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21.07.2017 | Blog

Mistakes are Human

With an experience of 55 years Welthungerhilfe still wants to improve it's aid measurements. The organisation aims to learn from mistakes made in the past, to avoid them in the future.

Mathias Mogge visiting a project in Rwanda.
With decades of experience at Welthungerhilfe, Executive Director Programmes Mathias Mogge knows the operation like the back of his hand. He sees one of its strengths to be the fact that it does not cover up problems and mistakes, rather using them as an opportunity to change. © Welthungerhilfe
Mathias Mogge Secretary General

Optimal emergency aid – not that easy

Welthungerhilfe is already 55 years old, but it is still learning, in particular from mistakes that happen once and should not be repeated. For many years, for example, we relied on our colleagues on the ground when a country was suddenly thrust into crisis due to war or natural disaster. We thought that these employees were already there and knew how things worked.

Wrong. A disaster can, after all, change a country overnight. A good long-term development aid worker is rarely also a good emergency aid worker. She can develop sustainable structures while involving the population. But can she step away from all of that for a moment and instead knuckle down, handle aid supply logistics and explain to furious people why they have yet to receive any blankets or food? We have learned from these mistakes and restructured our Emergency Response Team, which now assumes leadership after a disaster, permitting it to help as quickly and efficiently as possible.

Ein Flüchtling transportiert seinen Besitz auf dem Kopf. Emergency Preparedness
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Cross-continental communication

This problem was of our own doing and easily solved. However, most difficulties arise in restrictive states in which governments obstruct our path by constantly changing the legal framework of our activities or by restricting our mobility. Such countries are also subject to high rates of employee turnover, causing any expertise gained to be lost again. Other problems yet already arise during the project planning stage, when donors issue short-term donations and we develop a project in great haste. This easily leads to discrepancies. If they are not resolved, the project starts with false assumptions.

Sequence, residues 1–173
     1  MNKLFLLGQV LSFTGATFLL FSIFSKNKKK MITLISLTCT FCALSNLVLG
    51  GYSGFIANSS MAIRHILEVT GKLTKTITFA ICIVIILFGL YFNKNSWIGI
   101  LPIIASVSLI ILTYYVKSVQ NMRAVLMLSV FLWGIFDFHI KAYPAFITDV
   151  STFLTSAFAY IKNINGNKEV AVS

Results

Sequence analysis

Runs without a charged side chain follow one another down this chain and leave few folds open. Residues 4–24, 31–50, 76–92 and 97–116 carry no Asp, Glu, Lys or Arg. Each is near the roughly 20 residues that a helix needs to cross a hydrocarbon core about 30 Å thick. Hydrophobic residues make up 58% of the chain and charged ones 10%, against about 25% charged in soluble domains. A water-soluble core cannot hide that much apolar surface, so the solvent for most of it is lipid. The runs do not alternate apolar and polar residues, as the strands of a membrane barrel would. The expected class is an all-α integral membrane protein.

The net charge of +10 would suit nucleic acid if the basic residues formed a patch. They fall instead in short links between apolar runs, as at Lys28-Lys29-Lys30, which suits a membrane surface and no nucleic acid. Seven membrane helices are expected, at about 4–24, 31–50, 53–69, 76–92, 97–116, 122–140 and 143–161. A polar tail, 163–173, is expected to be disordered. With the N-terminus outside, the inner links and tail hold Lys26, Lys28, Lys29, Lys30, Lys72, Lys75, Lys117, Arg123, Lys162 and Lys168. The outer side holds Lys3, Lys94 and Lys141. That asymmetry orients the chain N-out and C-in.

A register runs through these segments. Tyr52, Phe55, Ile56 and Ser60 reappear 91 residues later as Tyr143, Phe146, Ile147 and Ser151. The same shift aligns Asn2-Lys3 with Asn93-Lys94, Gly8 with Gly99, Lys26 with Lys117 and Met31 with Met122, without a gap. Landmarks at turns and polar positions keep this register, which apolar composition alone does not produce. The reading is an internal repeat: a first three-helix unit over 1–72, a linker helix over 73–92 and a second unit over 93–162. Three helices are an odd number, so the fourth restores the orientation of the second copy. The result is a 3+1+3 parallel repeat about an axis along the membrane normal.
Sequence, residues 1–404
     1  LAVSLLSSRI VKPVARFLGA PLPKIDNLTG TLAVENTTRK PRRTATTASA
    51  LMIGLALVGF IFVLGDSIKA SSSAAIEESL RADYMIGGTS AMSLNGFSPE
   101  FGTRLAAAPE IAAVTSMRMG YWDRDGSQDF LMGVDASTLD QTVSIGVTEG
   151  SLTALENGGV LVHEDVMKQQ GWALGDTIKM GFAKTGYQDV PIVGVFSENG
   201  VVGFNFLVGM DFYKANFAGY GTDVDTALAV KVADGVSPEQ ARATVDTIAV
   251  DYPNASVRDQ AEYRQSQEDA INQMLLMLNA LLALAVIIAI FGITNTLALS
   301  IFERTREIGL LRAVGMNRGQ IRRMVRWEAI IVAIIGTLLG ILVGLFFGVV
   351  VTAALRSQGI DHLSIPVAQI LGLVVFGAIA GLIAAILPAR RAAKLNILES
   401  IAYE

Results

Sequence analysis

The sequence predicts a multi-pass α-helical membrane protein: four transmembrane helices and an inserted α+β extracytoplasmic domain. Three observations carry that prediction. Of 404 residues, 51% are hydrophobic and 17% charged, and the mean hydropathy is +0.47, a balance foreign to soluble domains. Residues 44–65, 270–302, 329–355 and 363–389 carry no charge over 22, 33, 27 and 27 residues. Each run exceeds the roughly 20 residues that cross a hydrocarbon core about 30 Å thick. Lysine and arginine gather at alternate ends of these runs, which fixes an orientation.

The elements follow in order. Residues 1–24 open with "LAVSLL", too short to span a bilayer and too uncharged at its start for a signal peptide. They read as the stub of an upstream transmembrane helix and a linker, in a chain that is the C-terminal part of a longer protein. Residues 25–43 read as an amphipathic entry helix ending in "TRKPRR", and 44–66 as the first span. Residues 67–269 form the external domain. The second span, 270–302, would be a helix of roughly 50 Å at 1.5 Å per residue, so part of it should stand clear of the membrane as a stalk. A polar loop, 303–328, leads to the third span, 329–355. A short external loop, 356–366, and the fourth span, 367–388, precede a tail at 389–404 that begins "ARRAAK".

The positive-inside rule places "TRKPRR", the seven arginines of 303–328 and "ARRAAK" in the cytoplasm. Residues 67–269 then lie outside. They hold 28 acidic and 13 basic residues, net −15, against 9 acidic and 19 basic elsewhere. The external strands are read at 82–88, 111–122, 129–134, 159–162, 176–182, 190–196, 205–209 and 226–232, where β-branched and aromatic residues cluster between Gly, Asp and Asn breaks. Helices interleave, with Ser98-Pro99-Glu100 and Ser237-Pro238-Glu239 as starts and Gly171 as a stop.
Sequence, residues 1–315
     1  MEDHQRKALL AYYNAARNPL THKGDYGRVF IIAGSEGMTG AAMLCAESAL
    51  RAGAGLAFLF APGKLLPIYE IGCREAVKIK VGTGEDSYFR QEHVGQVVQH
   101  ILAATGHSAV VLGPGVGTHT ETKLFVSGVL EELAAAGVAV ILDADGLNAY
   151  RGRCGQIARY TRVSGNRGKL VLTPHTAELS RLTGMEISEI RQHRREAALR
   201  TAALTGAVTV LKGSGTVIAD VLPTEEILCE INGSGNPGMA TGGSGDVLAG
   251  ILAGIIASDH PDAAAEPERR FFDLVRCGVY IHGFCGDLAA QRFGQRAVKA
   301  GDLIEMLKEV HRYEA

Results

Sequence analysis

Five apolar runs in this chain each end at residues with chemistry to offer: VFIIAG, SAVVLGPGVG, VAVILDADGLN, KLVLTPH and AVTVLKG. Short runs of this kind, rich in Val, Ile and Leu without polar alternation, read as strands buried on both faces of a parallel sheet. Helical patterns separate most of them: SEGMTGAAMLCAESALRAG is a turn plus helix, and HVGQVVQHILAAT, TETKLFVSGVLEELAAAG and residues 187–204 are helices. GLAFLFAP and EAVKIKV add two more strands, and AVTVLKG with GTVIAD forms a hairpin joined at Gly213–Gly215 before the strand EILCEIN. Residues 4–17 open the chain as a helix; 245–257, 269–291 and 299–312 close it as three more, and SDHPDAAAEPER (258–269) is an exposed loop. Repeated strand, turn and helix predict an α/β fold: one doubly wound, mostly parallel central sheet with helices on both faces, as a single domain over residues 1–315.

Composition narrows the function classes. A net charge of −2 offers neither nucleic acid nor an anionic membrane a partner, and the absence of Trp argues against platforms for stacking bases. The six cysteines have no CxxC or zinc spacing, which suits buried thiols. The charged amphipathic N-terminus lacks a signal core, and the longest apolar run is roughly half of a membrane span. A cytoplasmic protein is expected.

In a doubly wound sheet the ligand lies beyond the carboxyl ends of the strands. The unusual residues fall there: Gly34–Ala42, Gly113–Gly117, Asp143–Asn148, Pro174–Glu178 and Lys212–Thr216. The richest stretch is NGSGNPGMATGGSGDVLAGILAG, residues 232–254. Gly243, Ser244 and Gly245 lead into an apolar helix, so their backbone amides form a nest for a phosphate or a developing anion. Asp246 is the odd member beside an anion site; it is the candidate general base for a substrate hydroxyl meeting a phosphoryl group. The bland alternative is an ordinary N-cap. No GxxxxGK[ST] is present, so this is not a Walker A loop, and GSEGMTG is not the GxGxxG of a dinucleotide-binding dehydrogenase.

We encourage our employees to communicate across continental boundaries rather than to wait for instructions and expert opinions from the Bonn HQ. Through our intranet, they can network in virtual classrooms and participate in annual sector conferences or in the south-south exchange of various working groups.

Wiederaufbau nach dem Taifun Haiyan, Philippinen, Insel Panay Projects worldwide

These are the countries we work in.

Welthungerhilfe has always been rather self-critical

Despite all good intentions, non-governmental organisations are not good per se; we, too, must show our cards – to our public and private donors and also to our project participants. Everyone on the ground has a right to participate in the project planning process and to know to what they are entitled. For this reason, Welthungerhilfe has adopted new, international quality-control standards, the Core Humanitarian Standard (CHS), with which we commit to greater accountability toward project participants, for example with binding complaint mechanisms.

Welthungerhilfe has always been rather self-critical. This is probably because we have to convince private and public donors of our efforts time and time again and cannot rest on our laurels. However, individual employees are more and more willing to report grievances and problems in order to prevent their colleagues from making the same mistakes. In some project countries, the willingness to talk openly about mistakes is less prevalent, be it out of fear or politeness. This is therefore an important message:

“Please be open with us if something is not working. If we do not recognise mistakes, we cannot make any progress.”

Contact: Welthungerhilfe

Last Update 23.01.2018

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